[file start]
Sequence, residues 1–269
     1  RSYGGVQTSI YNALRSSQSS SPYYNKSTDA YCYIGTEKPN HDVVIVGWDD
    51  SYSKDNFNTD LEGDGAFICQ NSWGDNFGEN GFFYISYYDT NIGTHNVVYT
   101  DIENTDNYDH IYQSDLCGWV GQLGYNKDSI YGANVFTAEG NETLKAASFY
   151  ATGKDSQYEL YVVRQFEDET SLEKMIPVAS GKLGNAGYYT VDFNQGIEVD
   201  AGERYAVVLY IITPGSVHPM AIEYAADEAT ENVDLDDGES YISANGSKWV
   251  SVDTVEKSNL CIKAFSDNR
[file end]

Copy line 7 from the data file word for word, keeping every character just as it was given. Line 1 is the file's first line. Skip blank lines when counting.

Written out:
   251  SVDTVEKSNL CIKAFSDNR